On one hand, it’s teaching them how to communicate, but on the other, it’s teaching them to be really impulsive and I think that it’s really important to know what your kids are writing about.  Obviously, you want to respect their privacy.  If they have a journal, you don’t want to crack the lock and be, you know, invading their space, but, you know, it’s good to know like where they’re writing and who’s responding and what’s important to them to write.  

If they’re writing like on their MySpace blog or whatever, you know, site that they’re in and it’s public, you know, having a conversation about that, like do you understand what you’re sharing and how people are responding and how do you internalize what people say to you and if you’re already blogging, it’s like do your kids know what you’re writing about and what do they think about it.  I mean, to me it’s such an amazing way, especially with what you were discussing.  I don’t know if you have younger family members who have come across it or said anything to you, like younger cousins and stuff.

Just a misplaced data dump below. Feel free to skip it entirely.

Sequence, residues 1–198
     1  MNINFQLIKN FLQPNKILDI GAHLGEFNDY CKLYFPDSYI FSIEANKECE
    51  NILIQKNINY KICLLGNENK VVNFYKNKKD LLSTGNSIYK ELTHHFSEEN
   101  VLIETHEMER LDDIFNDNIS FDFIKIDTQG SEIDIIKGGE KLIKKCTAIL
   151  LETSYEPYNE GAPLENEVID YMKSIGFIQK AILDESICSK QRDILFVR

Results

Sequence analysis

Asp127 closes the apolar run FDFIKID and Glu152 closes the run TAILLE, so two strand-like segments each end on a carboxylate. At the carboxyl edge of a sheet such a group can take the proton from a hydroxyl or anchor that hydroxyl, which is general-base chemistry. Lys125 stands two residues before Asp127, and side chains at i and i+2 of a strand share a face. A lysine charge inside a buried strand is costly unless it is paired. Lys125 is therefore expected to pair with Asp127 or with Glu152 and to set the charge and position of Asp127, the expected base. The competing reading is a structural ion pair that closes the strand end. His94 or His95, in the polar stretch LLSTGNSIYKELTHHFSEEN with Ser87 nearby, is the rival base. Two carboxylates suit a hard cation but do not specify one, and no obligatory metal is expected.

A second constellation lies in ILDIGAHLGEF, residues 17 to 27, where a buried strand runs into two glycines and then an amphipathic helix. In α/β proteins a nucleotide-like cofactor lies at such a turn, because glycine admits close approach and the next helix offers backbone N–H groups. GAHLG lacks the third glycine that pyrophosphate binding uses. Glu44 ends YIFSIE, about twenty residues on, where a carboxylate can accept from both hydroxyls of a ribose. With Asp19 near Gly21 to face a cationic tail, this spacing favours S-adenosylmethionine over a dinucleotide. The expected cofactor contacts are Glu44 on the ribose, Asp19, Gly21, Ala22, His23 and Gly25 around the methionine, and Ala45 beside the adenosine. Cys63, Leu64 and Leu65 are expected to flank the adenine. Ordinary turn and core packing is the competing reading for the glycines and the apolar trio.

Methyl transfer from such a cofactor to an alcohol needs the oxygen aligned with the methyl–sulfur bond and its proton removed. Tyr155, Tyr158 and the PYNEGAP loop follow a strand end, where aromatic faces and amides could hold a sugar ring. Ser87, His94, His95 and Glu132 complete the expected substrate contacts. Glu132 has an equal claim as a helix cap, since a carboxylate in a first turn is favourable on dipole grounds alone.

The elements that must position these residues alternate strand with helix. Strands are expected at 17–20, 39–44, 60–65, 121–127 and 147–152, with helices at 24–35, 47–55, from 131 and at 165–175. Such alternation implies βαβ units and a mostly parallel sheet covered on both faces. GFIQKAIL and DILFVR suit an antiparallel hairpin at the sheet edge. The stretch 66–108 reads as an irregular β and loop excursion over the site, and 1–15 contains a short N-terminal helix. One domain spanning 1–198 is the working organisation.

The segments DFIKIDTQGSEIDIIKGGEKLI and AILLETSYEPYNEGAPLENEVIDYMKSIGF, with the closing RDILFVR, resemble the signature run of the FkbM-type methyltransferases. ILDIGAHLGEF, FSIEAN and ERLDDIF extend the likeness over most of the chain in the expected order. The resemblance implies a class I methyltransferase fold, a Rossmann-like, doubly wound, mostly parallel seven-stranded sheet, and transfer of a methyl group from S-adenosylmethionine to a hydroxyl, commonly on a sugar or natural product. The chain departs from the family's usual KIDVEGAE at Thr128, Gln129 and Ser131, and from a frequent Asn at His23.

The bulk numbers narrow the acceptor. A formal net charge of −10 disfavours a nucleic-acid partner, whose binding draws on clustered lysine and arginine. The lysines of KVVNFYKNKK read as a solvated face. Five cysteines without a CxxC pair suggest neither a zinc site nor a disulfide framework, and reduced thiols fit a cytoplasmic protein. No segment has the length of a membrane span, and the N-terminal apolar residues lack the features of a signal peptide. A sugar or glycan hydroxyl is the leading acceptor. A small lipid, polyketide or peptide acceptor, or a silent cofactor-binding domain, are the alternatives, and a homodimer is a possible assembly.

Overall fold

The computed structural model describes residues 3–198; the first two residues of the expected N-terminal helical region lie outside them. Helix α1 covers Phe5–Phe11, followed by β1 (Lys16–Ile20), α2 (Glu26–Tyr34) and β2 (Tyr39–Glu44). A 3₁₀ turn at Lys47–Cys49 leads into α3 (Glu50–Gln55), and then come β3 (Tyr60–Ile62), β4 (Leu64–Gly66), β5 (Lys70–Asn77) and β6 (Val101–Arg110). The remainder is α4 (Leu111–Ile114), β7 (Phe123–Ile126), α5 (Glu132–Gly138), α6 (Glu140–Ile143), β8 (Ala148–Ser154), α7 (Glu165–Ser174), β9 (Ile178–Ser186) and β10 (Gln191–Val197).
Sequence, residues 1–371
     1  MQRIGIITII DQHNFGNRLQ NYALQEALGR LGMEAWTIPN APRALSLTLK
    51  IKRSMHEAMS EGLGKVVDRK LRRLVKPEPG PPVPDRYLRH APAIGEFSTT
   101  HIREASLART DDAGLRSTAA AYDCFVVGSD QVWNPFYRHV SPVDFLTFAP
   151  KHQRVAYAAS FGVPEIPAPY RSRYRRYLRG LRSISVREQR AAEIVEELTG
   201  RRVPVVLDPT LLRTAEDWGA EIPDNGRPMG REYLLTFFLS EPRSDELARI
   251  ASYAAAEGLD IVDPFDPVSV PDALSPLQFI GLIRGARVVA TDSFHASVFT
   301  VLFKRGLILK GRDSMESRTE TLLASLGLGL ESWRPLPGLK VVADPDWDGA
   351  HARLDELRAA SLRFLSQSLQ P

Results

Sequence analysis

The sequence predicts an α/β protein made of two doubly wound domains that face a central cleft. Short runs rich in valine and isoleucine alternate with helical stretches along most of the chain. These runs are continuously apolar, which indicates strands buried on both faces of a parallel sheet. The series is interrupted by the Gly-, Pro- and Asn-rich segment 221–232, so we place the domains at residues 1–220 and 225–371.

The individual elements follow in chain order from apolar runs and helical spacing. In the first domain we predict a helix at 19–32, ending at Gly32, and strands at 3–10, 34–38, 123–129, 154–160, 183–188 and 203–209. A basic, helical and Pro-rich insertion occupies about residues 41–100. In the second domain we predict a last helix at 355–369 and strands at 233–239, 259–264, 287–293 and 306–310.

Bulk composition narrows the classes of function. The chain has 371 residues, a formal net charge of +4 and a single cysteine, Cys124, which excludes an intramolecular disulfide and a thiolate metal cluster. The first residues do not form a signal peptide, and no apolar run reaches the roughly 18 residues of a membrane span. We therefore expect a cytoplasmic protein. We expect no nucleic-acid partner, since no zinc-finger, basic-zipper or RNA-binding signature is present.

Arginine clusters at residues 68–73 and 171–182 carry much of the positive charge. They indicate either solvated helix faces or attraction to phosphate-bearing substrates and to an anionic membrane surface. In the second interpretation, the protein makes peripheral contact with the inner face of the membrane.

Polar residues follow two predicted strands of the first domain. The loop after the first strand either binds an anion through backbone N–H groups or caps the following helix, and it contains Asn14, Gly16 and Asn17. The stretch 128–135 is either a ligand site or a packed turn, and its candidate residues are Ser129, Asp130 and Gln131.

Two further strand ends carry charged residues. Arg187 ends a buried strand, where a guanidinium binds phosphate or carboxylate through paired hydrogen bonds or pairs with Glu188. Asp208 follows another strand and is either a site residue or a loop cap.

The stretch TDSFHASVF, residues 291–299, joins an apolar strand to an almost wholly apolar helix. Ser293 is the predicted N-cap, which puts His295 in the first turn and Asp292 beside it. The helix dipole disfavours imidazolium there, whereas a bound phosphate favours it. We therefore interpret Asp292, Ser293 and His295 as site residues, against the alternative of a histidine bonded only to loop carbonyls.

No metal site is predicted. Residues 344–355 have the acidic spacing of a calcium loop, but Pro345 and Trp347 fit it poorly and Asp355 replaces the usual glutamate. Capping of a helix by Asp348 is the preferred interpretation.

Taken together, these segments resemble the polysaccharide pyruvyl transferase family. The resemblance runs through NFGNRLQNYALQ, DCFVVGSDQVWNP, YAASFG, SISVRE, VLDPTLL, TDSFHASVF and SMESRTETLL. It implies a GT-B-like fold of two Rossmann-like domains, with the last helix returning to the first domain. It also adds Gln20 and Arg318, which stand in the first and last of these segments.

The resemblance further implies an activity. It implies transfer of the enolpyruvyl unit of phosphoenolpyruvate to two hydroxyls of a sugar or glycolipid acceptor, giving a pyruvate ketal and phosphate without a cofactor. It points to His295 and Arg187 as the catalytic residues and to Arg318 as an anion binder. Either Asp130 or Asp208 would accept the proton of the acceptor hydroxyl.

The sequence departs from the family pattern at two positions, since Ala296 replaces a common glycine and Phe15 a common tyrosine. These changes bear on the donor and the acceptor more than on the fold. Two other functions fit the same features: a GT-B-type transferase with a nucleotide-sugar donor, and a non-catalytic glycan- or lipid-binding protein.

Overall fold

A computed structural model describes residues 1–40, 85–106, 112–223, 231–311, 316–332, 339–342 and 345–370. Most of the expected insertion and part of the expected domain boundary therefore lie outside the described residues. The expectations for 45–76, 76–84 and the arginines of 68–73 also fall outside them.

Kate Inglis:    I think they’re banned.

Daniela Capistrano:    But you don’t know.  They might read it on their own.

Kate Inglis:    I doubt it.  They’re a little too young.

Daniela Capistrano:    Oh, okay, well it’ just such a great way to start communicating with your kids.  I mean, it just – it boggles my mind, the digital divide of _____.  I’m only 27, but there was no such thing as like mommy bloggers when I was younger and to have had that opportunity to connect with my mother that way would have been like amazing and that’s why even though I’m so overwhelmed still with how many like women are here, it’s such a beautiful thing and I’m just so glad that you guys are probably already on that journey with your own children about helping them understand the ways that they can share and help others.  That’s all.

Ponzi Pirelli:    I agree, and I think that’s a huge topic and that’s a great topic to bring up and talk about online as well.  We’re gonna move to Kelly Russell Donner from and she’s far from ordinary.